Calls on the Commission to investigate the Capitol Riot

Feb 15, 2021 Travel News

Calls on the Commission to investigate the Capitol Riot

WASHINGTON – Lawmakers fresh out of the acquittal of the impeachment of former President Donald J. Trump are making mounting calls for the creation of a bipartisan commission to investigate the administrative and repressive failures that led to the mob attack on the Capitol on January 6 and recommend changes to prevent another siege.

Such a commission appears to be the main option left for Congress to try to hold Mr. Trump accountable for his role in the aggression. Leading lawmakers have overturned the idea of ​​post-impeachment censorship of the former president, and the possibility of barring him from future office under the 14th Amendment, which bars any official involved in “an insurgency or rebellion” to perform its duties, seems distant.

Lawmakers from both parties have called for a commission modeled on the bipartisan panel established after the September 11, 2001 terrorist attacks. Rep. Madeleine Dean, Pennsylvania Democrat and impeachment official, described it Sunday on ABC. ” This Week “as” an impartial commission, not guided by politics, filled with people who would resist the courage of their conviction.

President George W. Bush signed a law establishing the 9/11 Commission in 2002, mandated to investigate the causes of the attack and what could have stopped it, and to explain how to prevent a similar attack. After a 20-month investigation, the commission came up with three dozen recommendations on how to reshape congressional intelligence coordination and oversight.

“We need a commission on September 11 to find out what happened and make sure it doesn’t happen again, and I want to make sure the Capitol footprint can be better defended next time around.” Said Senator Lindsey Graham, Republican of South Carolina. “Fox News Sunday.”

In the House, grassroots lawmakers from both parties introduced a bill that would create a commission, with some Democrats proposing a broader review of the federal government‘s response to domestic terrorism and violent extremism.

“We will have an after action review,” California President Nancy Pelosi told reporters late last month. “There will be a commission.” She has since been briefed on several occasions by retired General Russel L. Honoré, who has been tapped to review security at Capitol Hill, which remains surrounded by barbed wire fences and under surveillance by troops from the National Guard.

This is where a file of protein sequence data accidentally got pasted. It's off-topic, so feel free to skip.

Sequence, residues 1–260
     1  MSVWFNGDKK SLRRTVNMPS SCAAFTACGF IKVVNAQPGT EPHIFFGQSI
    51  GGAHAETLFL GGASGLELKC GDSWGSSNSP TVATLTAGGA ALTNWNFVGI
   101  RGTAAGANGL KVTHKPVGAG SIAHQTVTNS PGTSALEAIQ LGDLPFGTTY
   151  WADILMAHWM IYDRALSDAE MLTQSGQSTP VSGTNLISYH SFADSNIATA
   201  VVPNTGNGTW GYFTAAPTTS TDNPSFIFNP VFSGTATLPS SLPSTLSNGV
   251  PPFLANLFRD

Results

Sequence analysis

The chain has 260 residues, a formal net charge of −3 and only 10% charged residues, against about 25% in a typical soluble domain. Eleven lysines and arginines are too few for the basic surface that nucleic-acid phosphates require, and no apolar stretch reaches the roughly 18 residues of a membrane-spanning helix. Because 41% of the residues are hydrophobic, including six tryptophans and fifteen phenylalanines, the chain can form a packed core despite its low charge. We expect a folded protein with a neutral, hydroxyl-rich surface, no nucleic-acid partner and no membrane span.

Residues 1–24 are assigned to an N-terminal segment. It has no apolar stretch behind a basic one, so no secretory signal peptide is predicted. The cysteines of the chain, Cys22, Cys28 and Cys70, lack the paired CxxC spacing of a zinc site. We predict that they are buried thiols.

“In the near future, Congress must intelligently shift to a more sustainable security presence,” Sen. Mitch McConnell of Kentucky, the minority leader, said in late January. “Keeping the Capitol secure cannot and will not require large numbers of uniformed troops and extensive emergency fencing systems to stay in place forever.

Democrats, who abruptly abandoned what had been a successful witness request on the final day of the trial on Saturday, formulated a possible commission on Sunday to understand not only the failures that led to the Capitol violation, but also to underline Mr. Trump’s role in the events.

“There is even more evidence that the American people need and deserve to hear,” said Sen. Chris Coons, Democrat of Delaware, on “This Week,” adding that a commission “would make sure we secure on Capitol Hill in the future and unveil Mr. Trump’s records of responsibility for the attack.

Prior to the impeachment proceedings, there had been discussions of a bipartisan censorship resolution in lieu of a trial. But lawmakers quickly abandoned the idea as the trial progressed, in part because Democrats had demanded stronger language than what Republicans were comfortable with. Asked about the chances of a resolution to bar Mr. Trump from running again, South Dakota Sen. John Thune, Republican No.2, said, “I don’t think this is going to go anywhere.

“Each senator had the opportunity to express their point of view,” said Senator Susan Collins, Republican of Maine, who participated in the discussions.

Ms Pelosi, at a press conference on Saturday, said such a resolution was “a slap in the face of the Constitution”.

“We censor people who use stationery for a bad purpose,” she said. “We don’t censor people for inciting an uprising that kills people on Capitol Hill.”